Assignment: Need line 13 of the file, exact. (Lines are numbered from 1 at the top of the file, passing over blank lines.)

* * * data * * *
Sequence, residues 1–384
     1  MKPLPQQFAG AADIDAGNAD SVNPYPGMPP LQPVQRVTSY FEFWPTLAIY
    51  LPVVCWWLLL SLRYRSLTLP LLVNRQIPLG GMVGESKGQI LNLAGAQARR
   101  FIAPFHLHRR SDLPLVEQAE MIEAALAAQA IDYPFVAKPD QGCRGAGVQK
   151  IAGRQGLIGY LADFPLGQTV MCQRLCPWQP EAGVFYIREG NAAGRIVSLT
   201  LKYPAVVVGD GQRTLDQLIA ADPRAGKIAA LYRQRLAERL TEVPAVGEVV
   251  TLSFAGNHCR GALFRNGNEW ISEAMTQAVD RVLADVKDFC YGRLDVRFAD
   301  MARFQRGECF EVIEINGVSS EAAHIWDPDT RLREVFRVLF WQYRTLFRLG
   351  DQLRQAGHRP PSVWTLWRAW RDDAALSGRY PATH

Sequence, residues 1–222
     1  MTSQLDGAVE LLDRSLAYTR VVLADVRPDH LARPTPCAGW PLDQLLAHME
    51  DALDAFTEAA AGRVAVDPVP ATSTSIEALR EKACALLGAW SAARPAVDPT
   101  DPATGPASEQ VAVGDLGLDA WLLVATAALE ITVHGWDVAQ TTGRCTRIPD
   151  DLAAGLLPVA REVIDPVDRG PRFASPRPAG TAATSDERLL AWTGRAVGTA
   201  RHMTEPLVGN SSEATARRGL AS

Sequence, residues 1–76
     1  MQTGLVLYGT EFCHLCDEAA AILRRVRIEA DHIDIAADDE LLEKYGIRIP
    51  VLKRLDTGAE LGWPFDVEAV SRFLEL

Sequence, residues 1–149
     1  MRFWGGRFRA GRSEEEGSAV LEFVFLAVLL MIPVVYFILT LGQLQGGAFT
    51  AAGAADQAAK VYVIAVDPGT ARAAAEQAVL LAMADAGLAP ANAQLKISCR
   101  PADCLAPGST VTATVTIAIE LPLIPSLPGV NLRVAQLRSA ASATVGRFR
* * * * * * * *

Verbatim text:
   101  DPATGPASEQ VAVGDLGLDA WLLVATAALE ITVHGWDVAQ TTGRCTRIPD